Preobrazhensky’s speech

Sapronov’s bitter attack on bureaucratism in the Party provoked a sharp debate. Preohrazhensky took up the triumvirate’s allegation that the Opposition was encouraging illegal ”groupings” in the Party.

COMRADES, Comrade Kamenev in his report dwelt primarily on the question of groupings and therefore I wish to use my brief time for this question alone. I consider that as the party has run up against this question it must express its opinion quite unequivocally because until we come to an agreement over this problem we cannot leave it and pass on to other, non-constitutional questions which are more important and more crucial.

I think that Comrade Kamenev permitted a major incorrectness in his formulation of the question and just as incorrectly presented the history of the origin of this question. Therefore although this is not a meeting of Istpart , I must still make a few corrections. To the essential question of whether we permit groupings let me answer: be so good as to define from the outset, what are groupings? If you do not give a definition but quote the resolution of the Tenth Congress which was carried in a situation about which I shall say a few words later on and which requires amplification, modification and adaptation to our new conditions; if you simply quote it or, as Comrade Zelensky proposed at one cell, adhere to what was adopted in 1921 that does not solve the newly-arisen problems that confront the party in this sphere and to which we must expect quite a different answer.

It would be absurd and dangerous for the Party if, on the question of groupings, we were to answer with a bald reference to the resolution of the Tenth Congress or completely forget the history of the Party since the time of the Tenth Party Congress. The first groupings in the ruling party which represented the embryoes of a party of an alien class deep down in our party had to be excised by us as soon as we had established their social nature. We had to take the most severe measures against them. But ideological groupings form themselves in the party in order to persuade the party that the measures they propose on the economy, finance, inner-Party building and so on are more correct and more appropriate than those proposed by its official majority represented by its Central Committee—or any other grouping—so who can say that such groupings are impermissible? Why are groupings impermissible which are preparing for the Congress and want to convince the majority of the party on this or that question—a procedure which is fully allowed for by our Statutes? We did not depart from this even in the worst days of the Civil War or if we did begin to depart from this then it could only have been in violation of the party Statutes.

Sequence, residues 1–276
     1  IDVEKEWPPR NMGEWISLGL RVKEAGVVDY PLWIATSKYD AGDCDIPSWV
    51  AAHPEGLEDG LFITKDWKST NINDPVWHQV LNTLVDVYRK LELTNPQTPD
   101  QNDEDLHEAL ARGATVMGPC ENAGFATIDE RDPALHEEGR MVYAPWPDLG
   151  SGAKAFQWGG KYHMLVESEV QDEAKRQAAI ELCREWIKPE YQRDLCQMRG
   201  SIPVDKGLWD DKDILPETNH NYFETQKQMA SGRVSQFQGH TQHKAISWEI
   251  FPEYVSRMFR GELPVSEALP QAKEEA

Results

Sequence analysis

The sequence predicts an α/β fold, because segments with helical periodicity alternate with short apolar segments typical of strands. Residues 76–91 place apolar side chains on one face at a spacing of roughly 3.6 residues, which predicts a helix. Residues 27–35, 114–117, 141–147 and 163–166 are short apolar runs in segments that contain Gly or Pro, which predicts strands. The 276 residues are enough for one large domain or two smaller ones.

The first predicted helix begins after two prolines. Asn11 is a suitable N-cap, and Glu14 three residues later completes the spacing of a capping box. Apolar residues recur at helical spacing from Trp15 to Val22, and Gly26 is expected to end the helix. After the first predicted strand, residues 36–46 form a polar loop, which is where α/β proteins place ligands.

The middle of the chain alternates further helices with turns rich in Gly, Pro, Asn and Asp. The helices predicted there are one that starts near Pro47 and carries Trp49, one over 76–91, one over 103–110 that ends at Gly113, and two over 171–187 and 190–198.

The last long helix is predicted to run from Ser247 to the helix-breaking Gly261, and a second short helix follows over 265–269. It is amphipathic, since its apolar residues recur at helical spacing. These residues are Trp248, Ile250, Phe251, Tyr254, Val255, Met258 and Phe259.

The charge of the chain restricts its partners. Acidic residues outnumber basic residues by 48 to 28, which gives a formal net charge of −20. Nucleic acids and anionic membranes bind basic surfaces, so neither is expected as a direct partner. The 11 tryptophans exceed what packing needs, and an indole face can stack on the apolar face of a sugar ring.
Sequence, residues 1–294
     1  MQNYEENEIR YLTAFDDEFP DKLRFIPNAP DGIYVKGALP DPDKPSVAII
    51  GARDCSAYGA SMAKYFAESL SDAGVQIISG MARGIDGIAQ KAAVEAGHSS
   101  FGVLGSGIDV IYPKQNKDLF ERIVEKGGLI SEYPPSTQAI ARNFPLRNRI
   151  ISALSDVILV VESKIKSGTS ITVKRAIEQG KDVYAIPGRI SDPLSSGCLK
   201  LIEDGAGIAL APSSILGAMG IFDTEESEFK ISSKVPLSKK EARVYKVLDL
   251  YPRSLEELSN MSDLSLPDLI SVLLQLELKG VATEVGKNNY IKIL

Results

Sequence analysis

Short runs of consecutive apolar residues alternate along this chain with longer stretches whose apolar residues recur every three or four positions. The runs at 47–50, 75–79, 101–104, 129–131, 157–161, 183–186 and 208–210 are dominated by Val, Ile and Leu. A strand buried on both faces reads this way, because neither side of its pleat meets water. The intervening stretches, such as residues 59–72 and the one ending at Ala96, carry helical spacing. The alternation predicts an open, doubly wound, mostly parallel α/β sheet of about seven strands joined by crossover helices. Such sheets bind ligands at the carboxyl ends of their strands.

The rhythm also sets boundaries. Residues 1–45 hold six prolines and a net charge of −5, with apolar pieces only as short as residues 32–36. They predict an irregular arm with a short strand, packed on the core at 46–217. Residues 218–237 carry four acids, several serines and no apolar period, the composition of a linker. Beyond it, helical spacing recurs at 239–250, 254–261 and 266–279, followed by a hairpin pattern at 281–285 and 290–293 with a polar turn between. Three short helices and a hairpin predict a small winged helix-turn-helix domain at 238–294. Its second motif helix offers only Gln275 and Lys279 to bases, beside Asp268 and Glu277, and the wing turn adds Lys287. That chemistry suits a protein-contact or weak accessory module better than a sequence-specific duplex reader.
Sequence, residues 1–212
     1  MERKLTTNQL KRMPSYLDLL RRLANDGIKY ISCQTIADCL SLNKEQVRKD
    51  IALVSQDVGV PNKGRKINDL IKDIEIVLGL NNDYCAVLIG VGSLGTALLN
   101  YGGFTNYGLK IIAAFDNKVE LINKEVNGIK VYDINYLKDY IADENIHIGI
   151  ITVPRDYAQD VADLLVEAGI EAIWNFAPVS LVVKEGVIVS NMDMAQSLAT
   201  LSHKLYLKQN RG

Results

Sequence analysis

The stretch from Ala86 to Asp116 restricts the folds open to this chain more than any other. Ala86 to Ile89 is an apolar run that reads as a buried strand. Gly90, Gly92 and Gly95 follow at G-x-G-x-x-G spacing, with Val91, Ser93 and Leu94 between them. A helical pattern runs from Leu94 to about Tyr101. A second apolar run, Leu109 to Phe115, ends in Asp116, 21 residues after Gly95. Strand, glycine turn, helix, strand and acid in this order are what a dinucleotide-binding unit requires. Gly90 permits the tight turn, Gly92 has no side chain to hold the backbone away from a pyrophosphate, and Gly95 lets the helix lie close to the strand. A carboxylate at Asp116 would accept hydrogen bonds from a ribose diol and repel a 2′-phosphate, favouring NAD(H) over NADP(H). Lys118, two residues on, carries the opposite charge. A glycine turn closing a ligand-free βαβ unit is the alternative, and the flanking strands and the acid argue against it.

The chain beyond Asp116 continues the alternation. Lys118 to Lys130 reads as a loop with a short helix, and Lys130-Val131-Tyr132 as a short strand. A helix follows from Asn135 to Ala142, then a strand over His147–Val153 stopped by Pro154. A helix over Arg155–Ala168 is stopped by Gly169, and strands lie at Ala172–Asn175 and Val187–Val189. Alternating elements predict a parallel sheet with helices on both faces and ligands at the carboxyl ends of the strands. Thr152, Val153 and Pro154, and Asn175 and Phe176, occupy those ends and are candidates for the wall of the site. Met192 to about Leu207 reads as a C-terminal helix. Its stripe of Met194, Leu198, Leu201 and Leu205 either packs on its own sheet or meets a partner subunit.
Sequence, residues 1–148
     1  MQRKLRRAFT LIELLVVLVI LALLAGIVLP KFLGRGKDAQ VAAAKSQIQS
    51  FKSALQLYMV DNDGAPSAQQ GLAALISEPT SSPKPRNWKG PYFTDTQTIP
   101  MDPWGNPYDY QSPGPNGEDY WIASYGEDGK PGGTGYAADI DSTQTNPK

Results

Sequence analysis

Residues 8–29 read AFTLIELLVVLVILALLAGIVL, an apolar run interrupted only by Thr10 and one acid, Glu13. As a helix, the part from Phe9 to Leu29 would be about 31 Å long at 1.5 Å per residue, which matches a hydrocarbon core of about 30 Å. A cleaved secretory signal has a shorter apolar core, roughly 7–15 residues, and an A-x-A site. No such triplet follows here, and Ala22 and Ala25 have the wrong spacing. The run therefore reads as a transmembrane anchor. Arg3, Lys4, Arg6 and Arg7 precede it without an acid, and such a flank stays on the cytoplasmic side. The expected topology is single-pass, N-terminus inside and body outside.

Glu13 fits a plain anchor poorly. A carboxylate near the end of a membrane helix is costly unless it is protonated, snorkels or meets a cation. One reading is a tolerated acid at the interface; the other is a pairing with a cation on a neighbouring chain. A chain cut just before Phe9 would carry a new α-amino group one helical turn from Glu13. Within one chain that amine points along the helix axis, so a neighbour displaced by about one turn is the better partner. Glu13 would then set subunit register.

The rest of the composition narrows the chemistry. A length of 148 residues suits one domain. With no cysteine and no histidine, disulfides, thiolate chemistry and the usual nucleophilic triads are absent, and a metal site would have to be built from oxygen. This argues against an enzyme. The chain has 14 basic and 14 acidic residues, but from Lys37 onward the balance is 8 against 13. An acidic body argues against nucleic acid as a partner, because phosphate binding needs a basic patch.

We have certain groups which originated from the special conditions in which the comrades work, either conditions which bring them into close contact with the masses at the moment when the change in the party’s course is due, or else thanks to their greater far-sightedness, sensitivity and so on, they can formulate the necessary alterations sooner than the official part of our party can. This is a manifestation of the inner work of the party’s collective thought which is necessary to the party. So that if now in the name of eliminating various factional groupings as groupings of another class within our party, a prohibition is placed on criticism and you are scared by the fact that these groups of critics will create a danger of disintegration in the party then we will have to defend the Politburo’s resolution from some members of the Politburo.